It has always seemed to me as though the transport system in this area has sections which operate reasonably well and other parts which don’t seem to work that well. Neilson Street itself, the main existing link between the two motorway corridors, seems to work reasonably well except for a few intersections at Great South Road and at Onehunga Mall. One wonders how much of the delays in this area could be solved through a couple of well focused intersection upgrades. Secondly, Neilson Street is a pretty extraordinarily wide road – as shown in the picture below – so perhaps some of that existing road space could be dedicated to truck-only lanes to ensure freight traffic is able to keep moving no matter what the traffic conditions are for general traffic.

What I’m saying, in summary I suppose, is that there are good reasons to take a bit of time to analyse a situation before rushing off into building a very expensive piece of infrastructure, which a full motorway link between SH1 and SH20 would most certainly be. We might well find that a few relatively minor tweaks can fix the problem – at least for quite some time – alleviating the need to spend large sums of money.

15 comments to Does the East-West link make any sense?

  • This is a very specific area that almost certainly needs a very specific outcome. Because so many of the heavy and other commercial vehicle movements have a local destination or source the reflex to build a connecting grade separate motorway between SHs 1 and 20 is almost certainly not the answer. An upgraded Neilson St with better connections to the two motorways, especially if it came with heavy vehicle priority lanes as you suggest is likely to be a more effective solution. Traffic growth is pretty much certain with sites like Port of Tauranga’s Metro Port; the rail feed cargo depot here.

    At least a south bound connection to Mangere bridge say through the southern stub of Galway St would do much to take this traffic out of the Onehunga end of Nielson, and could of course be co-ordinated with the construction of the rail bridge for the extension of the O-Line to the airport. Quite a bit more of work required to move the north facing off-ramp to the same route however.

    Best hopes for some creative solutions from the engineers involved.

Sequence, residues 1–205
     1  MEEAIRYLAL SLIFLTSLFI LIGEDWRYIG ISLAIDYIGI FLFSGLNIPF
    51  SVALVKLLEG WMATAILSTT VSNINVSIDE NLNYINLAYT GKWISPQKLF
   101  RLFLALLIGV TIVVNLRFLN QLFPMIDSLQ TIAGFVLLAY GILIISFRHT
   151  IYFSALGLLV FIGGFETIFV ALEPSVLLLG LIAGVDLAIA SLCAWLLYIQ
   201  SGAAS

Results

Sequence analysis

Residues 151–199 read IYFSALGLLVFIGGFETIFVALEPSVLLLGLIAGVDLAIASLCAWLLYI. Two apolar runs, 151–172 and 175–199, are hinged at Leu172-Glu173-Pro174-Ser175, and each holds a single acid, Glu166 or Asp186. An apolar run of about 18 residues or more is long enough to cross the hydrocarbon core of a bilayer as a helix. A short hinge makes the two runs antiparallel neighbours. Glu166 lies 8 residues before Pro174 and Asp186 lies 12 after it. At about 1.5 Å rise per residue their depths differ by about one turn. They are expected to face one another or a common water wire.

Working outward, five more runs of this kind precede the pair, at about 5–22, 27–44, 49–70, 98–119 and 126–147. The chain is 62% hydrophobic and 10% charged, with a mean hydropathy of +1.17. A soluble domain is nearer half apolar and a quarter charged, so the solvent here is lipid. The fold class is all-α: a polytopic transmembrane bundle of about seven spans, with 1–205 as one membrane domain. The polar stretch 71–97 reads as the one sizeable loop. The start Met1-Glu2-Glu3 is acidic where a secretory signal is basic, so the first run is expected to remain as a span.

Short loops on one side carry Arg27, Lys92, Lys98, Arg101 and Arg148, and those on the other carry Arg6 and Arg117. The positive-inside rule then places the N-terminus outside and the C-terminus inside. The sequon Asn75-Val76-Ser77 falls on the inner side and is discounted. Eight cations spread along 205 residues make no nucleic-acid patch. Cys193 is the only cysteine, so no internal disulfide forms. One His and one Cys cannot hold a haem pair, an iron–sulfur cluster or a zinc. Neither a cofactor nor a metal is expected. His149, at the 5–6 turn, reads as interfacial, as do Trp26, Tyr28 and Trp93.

• Doing something about Onehunga Harbour Rd/Onehunga Mall/Neilson St should also be a high priority, again perhaps as part of the Onehunga Line works.
      One thing that this area has going for it in terms of doing this work is that there’s very little residential to create issues. There are apartments/town houses in the Onehunga Mall stub, but very few. The residential is mostly north of Neilson and buffered by the industrial/commercial premises on the north side of Neilson. Some very significant grade separation projects could be undertaken with minimal long-term impact on residents of the area. There’s also a lot of “wasted” road space (parking, a full grassed median, grassed shoulders) that could be reclaimed for useful transport purposes without having to extend the road corridor. If a bus route (or light rail!) could be laid in along Neilson to connect between the Onehunga rail station and the bus routes on Mt Smart Rd it would remove a lot of the need for workers to drive in and park along Neilson. The Council could also make use of the massive parking lot within Mt Smart Stadium for worker parking with a bus service along Neilson and Church to finish the journey.

  • I have been along Neilson St in even shoulder times and it can be horrendously busy. I do agree that the route needs work but not a full blown motorway. One of the proposals I saw a few years ago suggested possibly a motorway from Onehunga to East Tamaki which is just insane. A couple of hundred million to ensure the route is four lanes each way, upgraded interesections with perhaps a few even grade separated and then ramps that allow you to access the motorway with some south facing ramps from Church/SEART would make a huge difference.

    • One of the big differences between Neilson St and a lot of the other busy roads in Auckland is that Neilson is busy during business hours. It’s mostly dead after 18:00, but go through in the middle of the day and there are always vehicles queuing and crossing at every signalised intersection. Its disconnection from public transport doesn’t help matters, either, with workers in some areas (and in the southern-side side streets) facing a walk of around a kilometre to the nearest bus or rail stop.

      Grade separation of the Church/Neilson intersection would go a long way towards improving traffic flows, and if they did the same with the Captain Springs Rd intersection (keep Neilson at the current grade and tunnel CSR) it would get rid of many of the difficulties. The only other one that really could do with grade separation is Neilson/Onehunga Mall, and that could potentially be done as part of what I’m sure will be necessary work to extend the Onehunga Line towards the airport.

      • Max

        The rail line (well, the old track bed) already goes under Neilson (grade separated) right now, so I don’t see any connection to the airport line work, unless you are proposing double-tracking?

  • Neilson St doesn’t intersect with Great South Road. The closest it gets is Church Street.

  • Glen